palmatifid (pal·mat·i·fid) For a leaf shape that is approximately palm-shaped or hand- shaped with the lobes extending about half- way to the base.
palmatisect (pal·mat·i·sect) For leaves that are approximately palm-shaped or hand-shaped with the lobes extending close to the petiole.
pandurate (pan·du·rate) Shaped like a fiddle, e.g., for a leaf.
papilla (pa·pil·la) A small projection from part of a body, such as a plant part. papillate (pa·pil·late) Having one or more papilla. pappus (pap·pus) Used with two meanings: (1) A tuft of hairs on some fruits, especially the achenes of members of the aster family, which aid the aerial dispersal of seeds. (2) A specialized calyx composed of a ring of hairs, scales, or awns, occurring mostly for plants of the Asteraceae family. parasitic (par·a·sit·ic) A plant that grows on another plant and obtains sustenance from it. paripinnate (par·i·pin·nate) Having an even number of leaflets (with no terminal leaflet). Also called even-pinnate and sometimes unipinnate.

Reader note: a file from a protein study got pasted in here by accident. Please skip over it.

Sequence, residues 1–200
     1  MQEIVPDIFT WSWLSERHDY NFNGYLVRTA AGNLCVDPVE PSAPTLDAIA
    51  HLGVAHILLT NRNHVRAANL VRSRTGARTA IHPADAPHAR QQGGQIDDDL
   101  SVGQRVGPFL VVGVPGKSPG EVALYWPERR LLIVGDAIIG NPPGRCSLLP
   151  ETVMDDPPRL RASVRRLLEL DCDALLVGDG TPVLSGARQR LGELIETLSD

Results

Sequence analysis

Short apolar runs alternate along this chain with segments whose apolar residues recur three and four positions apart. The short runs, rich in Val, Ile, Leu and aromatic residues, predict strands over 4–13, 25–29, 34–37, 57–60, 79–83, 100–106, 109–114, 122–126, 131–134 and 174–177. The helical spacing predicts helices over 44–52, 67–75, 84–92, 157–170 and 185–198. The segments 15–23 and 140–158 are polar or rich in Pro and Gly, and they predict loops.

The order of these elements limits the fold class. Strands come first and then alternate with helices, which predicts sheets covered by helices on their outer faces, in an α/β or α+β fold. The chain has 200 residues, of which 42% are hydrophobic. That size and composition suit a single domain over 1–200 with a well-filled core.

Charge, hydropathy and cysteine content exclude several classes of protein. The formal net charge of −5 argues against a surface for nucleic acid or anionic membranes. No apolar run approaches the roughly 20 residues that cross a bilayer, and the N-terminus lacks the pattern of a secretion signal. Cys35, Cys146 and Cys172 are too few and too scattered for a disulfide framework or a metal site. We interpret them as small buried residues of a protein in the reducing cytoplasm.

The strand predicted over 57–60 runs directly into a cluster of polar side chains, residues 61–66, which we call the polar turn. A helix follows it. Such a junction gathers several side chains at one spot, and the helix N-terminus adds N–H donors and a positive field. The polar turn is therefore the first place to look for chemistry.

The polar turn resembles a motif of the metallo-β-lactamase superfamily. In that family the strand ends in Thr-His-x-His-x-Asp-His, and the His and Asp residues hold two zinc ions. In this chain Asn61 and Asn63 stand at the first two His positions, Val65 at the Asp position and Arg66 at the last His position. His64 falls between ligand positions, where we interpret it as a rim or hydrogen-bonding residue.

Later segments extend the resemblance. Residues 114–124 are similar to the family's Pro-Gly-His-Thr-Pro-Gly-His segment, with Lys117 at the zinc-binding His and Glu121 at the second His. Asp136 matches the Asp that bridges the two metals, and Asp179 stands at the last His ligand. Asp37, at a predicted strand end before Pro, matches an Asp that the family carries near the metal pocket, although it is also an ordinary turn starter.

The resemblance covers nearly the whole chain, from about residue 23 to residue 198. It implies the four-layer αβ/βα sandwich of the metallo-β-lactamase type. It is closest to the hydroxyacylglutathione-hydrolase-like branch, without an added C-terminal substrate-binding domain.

parted Commonly employed to describe a flower appearance, e.g., 5-parted, to signify the flower has the appearance of having 5 petals, when in fact some (or possibly all) of the petals are in fact sepals. This can be particularly advantageous for the beginning naturalist, and when the sepals have some color other than green.
pedate (ped·ate) Lobed or divided like palmate, but with the lower lateral lobes again cleft or divided.
pedicel (ped·i·cel) A stalk of an individual flower.